Toussaint column: Finding the Golden Egg
On March 19, I walked away from my neighbor’s house teary-eyed with a grade AA-jumbo lump in my throat.
I’ve never gotten that choked up over eggs before.
The neighbor who gave me those gorgeous, golden-brown organic eggs said just to “pay it forward.” Still, I left $1.85 in loose change — all I could scare up without leaving my house — in return for her precious gift.
My egg hunt came a month early because of the coronavirus.
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I’ve been self-quarantined since March 8. Aspen, always a petri dish with its hordes of international visitors, had confirmed COVID-19 cases on March 7. I assumed it would arrive downvalley soon, and Garfield County reported its first case March 14.
I’m over 60, and I have two health conditions that make me likely fodder for the grim reaper. But staying home has proved trickier than I envisioned, mostly due to my primary relationship and the need to eat.
As Facebook sometimes proclaims, relationships can be “complicated.” My husband is 89. He can drive, and because he wants to remain useful, he goes to the post office, library and grocery store daily. He’s had two minor strokes, and his doctor encourages him to engage his “executive” brain functions, so I usually endorse those errands.
But not now.
After weighing the risk of contracting COVID-19, we both vowed to shop just once a week. Our good intentions lasted less than 24 hours. During his first foray to City Market, my husband found the store nearly denuded: no bananas, bread, berries or eggs. Because the supply truck was due “in a couple hours,” he checked back again, later the same day.
Somehow, we had quickly morphed from shopping once a week to multiple times daily.
Distressed, I wrote an online “what-should-I-do” post. My lament netted 98 comments in less than a day. I had struck a nerve.
Soon, elders and those with underlying health issues began pestering Carbondale’s City Market to offer a senior shopping hour, akin to those offered by Whole Foods. Various folks got various, inconsistent answers. Repeated inquiries netted sympathetic clucking, confusion and no action.
Meanwhile, I still had no eggs.
Along with Ashley Weitzel, another volunteer from a new Facebook group called “Carbondale CO Mutual Aid,” I began exploring City Market’s online ordering and pickup services. Those options aren’t offered in Carbondale; the closest would be El Jebel.
Ashley tried an outside app called Instacart to order and pick up groceries from the El Jebel City Market and found that it’s not so “insta.” It requires 3-4 days’ lead time.
Online, I griped, “Outside a narrow downtown loop, Carbondale has no in-town bus. We can’t order online but must drive 12 miles round-trip to El Jebel. IF a local senior happens to be tech savvy, IF they can figure out online ordering, IF they can afford a $4.95 ordering fee and IF they can drive to El Jebel, this online ordering and delivery might work.” Given my advantages (being articulate, online, able to walk, having a car and a bit of cash) I could probably manage it. But many seniors can’t.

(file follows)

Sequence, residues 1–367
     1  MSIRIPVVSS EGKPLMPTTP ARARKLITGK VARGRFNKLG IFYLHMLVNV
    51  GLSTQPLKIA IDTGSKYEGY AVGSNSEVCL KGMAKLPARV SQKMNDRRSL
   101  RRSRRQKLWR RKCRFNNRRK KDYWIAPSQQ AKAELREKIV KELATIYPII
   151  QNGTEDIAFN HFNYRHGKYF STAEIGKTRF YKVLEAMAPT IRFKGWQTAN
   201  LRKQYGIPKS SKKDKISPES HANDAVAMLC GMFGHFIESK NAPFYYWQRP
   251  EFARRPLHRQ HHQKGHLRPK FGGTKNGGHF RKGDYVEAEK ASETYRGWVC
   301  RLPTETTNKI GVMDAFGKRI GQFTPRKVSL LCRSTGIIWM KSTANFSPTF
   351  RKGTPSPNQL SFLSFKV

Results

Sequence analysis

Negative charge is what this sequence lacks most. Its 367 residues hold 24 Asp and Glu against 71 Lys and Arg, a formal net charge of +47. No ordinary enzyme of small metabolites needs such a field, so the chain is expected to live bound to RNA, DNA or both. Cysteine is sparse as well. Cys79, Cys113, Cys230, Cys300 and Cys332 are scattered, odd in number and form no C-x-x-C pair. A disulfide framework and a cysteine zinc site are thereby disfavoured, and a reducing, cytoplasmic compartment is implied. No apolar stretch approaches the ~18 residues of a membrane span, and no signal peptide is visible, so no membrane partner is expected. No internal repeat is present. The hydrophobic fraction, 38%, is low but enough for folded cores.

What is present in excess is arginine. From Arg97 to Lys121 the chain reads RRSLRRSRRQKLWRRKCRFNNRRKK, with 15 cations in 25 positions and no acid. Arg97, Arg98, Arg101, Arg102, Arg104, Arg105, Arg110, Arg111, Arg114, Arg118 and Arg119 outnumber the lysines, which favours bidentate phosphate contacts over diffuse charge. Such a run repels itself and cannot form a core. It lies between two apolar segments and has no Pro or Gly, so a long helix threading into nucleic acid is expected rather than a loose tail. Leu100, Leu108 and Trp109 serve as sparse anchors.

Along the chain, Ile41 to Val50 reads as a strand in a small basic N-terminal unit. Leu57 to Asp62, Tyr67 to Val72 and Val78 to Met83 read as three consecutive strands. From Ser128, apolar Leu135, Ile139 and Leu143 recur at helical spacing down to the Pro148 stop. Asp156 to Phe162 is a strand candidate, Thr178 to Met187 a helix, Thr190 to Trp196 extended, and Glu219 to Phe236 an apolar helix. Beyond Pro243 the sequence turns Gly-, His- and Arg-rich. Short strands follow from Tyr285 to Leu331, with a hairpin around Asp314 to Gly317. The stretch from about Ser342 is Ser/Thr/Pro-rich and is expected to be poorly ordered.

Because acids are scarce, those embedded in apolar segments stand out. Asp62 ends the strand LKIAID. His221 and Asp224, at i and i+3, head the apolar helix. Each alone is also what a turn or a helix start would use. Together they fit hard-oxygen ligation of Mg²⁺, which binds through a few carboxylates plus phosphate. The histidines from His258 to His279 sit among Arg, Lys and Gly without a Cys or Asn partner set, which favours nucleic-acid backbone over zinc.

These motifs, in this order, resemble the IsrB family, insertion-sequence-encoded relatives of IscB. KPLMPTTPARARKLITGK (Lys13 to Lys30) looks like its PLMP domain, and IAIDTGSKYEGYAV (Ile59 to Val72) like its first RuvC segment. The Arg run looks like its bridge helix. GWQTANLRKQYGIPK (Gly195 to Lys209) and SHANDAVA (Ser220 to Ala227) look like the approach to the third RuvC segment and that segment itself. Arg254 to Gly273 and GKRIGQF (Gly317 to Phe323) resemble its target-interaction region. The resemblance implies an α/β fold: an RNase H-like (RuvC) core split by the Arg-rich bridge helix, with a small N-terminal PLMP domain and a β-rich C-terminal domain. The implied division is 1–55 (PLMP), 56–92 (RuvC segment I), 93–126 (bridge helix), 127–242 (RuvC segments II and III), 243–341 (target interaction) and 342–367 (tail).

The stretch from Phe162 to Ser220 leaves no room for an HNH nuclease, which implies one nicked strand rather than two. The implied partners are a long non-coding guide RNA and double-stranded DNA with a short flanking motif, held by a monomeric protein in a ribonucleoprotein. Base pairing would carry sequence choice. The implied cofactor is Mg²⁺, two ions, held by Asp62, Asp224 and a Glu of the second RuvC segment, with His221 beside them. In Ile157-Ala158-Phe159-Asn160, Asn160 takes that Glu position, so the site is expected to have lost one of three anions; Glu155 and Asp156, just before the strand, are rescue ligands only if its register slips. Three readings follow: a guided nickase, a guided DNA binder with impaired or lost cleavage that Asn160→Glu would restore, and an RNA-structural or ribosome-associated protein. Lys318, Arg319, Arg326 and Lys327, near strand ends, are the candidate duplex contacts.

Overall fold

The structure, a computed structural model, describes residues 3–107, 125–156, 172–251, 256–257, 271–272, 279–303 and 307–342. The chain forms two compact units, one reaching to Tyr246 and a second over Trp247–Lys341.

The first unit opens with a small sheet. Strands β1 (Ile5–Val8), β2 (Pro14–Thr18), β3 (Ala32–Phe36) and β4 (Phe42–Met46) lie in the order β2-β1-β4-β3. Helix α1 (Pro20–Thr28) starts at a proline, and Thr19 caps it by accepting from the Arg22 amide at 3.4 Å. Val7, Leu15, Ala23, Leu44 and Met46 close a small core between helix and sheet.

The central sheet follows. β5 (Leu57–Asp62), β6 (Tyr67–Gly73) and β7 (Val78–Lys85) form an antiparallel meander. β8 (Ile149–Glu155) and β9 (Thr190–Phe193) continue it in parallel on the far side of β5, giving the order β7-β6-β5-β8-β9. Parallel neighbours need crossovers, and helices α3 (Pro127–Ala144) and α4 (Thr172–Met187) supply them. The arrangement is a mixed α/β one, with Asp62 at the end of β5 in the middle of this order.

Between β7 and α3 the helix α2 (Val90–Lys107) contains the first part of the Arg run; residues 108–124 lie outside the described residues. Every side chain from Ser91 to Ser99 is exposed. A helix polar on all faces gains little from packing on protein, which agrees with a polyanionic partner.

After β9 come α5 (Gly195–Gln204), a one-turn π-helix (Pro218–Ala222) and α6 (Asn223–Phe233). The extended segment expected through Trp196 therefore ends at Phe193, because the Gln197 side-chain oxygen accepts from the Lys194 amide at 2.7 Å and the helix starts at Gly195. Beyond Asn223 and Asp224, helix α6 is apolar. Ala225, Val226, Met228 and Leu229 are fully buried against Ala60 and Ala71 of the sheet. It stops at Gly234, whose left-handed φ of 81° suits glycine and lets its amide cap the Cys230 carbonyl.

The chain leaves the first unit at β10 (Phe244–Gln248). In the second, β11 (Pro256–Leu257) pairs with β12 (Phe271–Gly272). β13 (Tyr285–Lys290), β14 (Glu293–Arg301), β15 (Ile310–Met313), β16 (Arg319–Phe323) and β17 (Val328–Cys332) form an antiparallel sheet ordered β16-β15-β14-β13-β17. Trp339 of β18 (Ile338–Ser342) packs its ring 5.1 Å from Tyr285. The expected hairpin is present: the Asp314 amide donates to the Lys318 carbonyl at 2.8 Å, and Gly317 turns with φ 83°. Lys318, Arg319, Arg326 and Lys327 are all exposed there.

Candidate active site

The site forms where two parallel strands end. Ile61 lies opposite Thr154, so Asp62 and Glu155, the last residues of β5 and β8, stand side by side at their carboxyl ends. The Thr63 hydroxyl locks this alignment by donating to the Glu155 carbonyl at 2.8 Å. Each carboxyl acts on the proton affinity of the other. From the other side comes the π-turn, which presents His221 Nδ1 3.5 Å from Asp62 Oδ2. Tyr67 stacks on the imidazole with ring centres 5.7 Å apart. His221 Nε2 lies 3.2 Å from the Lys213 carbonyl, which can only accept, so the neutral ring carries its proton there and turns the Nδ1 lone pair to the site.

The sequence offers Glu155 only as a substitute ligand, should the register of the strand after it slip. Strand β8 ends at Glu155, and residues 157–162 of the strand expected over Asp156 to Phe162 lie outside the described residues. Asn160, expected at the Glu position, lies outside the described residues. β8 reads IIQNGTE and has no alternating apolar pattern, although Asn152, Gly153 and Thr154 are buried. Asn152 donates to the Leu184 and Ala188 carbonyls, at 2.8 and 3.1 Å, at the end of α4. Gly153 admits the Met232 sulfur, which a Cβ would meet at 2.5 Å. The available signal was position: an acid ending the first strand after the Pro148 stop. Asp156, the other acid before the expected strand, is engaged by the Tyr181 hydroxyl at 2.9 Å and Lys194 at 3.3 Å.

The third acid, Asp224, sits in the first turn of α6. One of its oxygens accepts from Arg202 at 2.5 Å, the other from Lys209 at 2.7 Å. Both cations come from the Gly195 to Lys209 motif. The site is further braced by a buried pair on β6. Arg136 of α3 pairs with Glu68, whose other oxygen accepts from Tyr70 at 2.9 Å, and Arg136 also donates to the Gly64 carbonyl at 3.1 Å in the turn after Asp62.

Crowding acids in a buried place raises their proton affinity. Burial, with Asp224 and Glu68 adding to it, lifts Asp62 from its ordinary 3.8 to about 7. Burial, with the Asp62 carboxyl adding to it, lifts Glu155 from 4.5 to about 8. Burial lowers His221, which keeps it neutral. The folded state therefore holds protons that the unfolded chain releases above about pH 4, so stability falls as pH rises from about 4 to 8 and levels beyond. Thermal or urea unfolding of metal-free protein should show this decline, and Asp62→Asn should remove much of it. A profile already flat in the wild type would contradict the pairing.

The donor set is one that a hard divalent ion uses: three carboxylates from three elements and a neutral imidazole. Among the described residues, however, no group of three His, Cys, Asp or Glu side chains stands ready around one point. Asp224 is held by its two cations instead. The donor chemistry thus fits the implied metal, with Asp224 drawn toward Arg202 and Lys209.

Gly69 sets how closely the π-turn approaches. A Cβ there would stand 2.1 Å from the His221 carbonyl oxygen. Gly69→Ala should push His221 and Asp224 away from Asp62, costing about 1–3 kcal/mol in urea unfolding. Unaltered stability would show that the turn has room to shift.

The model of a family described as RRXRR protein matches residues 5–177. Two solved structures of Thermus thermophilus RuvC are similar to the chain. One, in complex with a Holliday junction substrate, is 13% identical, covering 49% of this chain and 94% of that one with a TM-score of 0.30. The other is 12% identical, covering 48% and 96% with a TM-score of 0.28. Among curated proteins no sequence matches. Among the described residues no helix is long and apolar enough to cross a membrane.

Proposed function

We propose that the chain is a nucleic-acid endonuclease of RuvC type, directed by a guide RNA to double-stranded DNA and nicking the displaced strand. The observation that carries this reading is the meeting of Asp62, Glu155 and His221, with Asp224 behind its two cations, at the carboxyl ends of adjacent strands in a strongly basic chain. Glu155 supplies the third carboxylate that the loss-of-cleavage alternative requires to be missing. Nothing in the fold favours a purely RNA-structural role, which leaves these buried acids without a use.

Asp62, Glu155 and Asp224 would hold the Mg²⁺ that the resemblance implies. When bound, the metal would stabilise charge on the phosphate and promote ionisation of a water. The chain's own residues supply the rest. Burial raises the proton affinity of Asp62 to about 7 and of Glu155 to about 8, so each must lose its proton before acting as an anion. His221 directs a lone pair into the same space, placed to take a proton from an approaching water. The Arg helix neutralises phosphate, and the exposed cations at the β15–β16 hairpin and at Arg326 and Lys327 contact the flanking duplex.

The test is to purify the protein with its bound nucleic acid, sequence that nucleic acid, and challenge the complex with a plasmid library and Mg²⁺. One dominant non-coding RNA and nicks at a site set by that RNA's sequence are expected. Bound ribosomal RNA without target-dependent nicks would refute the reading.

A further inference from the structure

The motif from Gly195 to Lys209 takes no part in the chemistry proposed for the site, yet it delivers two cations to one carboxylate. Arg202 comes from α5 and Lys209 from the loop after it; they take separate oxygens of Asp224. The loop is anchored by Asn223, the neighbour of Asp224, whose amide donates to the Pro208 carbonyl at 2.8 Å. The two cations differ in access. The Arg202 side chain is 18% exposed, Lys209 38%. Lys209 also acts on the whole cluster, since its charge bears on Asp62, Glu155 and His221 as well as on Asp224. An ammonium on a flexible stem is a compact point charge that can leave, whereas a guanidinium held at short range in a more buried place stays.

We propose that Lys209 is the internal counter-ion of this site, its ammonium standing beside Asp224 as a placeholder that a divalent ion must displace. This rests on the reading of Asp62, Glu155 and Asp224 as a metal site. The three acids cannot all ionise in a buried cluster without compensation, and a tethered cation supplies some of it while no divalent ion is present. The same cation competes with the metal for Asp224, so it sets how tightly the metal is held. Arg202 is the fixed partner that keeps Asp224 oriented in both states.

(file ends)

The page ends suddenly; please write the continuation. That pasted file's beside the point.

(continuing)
After a maddening 12-hour day of dead ends, mixed messages and frustration, I decided to contact City Market/Kroger management in Denver. Although my phone messages and emails went unanswered, my online carping did yield eggs. (Not once, but twice: I was given a dozen brown and a dozen white from different neighbors.)
Wholly unbidden, eight friends and strangers also offered to go shopping on my behalf.
Then, in a roundabout way, my quest led to something that will assuredly never happen again: my “scooping” the editor of this newspaper.
A former colleague of mine, a retired writer and publicist, sent me the tough-to-find contact information for Rodney McMullen, Kroger’s nationwide CEO. “Go right to the top,” she advised. I did, and within an hour and a half, I got both phone call and a news release announcing senior shopping hours at City Markets — not only here, but throughout Colorado.
To my astonishment, I learned that my editor at the Post Independent hadn’t gotten the news release, so I happily forwarded it.
It’s hard to say whether I felt more jubilant about sourcing the paper’s lead story, about the appreciative notes I got from seniors all up and down the valley, or about those beautiful eggs.
Among the things I most treasure in this valley is its sense of community. We persevere. We rally. We lend a hand, whether that means digging a stranger’s car out of a snow bank, sheltering a friend during a wildfire, or gifting eggs to a neighbor.
Seems like the Easter Bunny found me early, despite my quarantine.
Nicolette Toussaint lives in Carbondale. Her column appears monthly in the Post Independent and at postindependent.com.
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